Indian Bay Presentation Album 

Indian Bay Presentation Album 

Artist: Made by women of Indian Bay 
Type: Appliquéd, pieced, and embroidered silk quilt
Year: 1876
Size/Dimensions: 84 x 82 in. 
Origin: Gift of Miss Etheline Mayo
Accession Number: 76.4

In the decade following the Civil War, communities all over the nation rose to participate in the nation’s 100th anniversary celebration. Americans celebrated in a number of ways, but the biggest spectacle was the Centennial Exposition in Philadelphia, which more than a hundred thousand attended from all over the country and world.

In anticipation of 1876, over three dozen women from the small river port of Indian Bay, Arkansas, gathered to make a Presentation Album quilt for local planter and businessman E. G. Adams. We can only speculate as to the ladies’ original intention—they may have made their quilt to be presented at the exposition in Philadelphia, or they may have made the quilt using silk purchased there. Either way, their work caught the American spirit of that anniversary year. Thousands of displays at the “Great Exhibit” commemorated a century of American industry, of “manufacturers and products of the soil and mine.”

State-of-the-art technologies in farming, milling, logging, and other major industries were on full display for attendees from around the world to see. But it was also a celebration of one hundred years of American arts. The women from Indian Bay, Arkansas, captured that “industrious and creative” American sentiment, in their hand-stitched community quilt. Each uniquely pieced or embroidered silk block carried a style that each woman brought over from her birthplace; Tennessee, Vermont, and Missouri are among the makers’ native states.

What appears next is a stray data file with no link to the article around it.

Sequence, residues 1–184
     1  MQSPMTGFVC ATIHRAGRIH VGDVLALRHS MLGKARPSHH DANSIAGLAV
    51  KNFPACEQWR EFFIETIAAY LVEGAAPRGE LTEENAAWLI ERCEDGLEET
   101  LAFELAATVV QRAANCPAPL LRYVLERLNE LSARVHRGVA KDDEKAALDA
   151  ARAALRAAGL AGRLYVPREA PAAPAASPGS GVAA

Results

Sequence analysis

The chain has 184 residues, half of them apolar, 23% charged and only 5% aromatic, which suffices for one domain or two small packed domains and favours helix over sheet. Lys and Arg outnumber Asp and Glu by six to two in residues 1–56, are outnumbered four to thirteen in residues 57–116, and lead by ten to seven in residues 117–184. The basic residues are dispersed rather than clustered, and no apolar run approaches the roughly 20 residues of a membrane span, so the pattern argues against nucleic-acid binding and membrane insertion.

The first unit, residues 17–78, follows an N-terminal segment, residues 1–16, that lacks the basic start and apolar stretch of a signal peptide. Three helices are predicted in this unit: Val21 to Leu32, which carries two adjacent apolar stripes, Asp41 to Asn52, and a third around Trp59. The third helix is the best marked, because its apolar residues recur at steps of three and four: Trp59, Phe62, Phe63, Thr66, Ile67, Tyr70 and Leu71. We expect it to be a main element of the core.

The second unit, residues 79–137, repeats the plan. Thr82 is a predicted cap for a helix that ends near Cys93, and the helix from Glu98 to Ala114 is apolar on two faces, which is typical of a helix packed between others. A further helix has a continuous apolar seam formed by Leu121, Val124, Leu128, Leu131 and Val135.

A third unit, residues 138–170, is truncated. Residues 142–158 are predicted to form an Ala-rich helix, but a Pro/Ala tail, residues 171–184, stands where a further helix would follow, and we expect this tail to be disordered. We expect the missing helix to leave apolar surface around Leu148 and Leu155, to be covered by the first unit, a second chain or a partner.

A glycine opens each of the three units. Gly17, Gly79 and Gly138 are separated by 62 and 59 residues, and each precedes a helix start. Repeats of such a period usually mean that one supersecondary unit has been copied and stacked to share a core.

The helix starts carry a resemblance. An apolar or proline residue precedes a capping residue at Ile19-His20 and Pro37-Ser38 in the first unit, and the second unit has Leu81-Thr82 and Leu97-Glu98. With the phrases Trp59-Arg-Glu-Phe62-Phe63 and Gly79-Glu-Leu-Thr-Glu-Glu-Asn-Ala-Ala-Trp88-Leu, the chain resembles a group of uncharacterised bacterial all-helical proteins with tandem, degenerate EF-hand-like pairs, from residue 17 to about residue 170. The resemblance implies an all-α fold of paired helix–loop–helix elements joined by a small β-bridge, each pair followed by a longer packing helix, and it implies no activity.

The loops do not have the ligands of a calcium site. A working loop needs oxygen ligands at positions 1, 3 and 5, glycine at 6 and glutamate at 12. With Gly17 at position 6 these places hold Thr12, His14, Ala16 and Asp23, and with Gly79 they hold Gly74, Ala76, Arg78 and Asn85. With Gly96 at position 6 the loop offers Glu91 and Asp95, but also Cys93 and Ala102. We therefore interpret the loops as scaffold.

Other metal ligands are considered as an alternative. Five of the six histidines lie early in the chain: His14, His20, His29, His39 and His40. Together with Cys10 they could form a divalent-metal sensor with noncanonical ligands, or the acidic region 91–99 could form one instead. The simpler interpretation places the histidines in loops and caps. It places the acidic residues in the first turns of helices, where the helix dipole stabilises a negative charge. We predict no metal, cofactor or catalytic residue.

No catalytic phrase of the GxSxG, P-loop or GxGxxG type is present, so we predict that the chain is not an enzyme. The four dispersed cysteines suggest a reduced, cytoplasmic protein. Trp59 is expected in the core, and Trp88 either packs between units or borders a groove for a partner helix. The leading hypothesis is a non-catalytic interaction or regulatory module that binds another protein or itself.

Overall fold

The quilt is a cornucopia of flower baskets and lilies, log cabins, hearts, moon and stars, and intricately embroidered flora, as eclectic as the Americans that populated the nation. As if to immortalize the sentiment of the nation that year, one of the makers embroidered onto her block the following verse, “100 years since JONATHON left the old man and sat up for himself,” an allusion to Jonathon Trimble, America’s first patriot during Revolutionary times.

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Indian Bay Presentation Album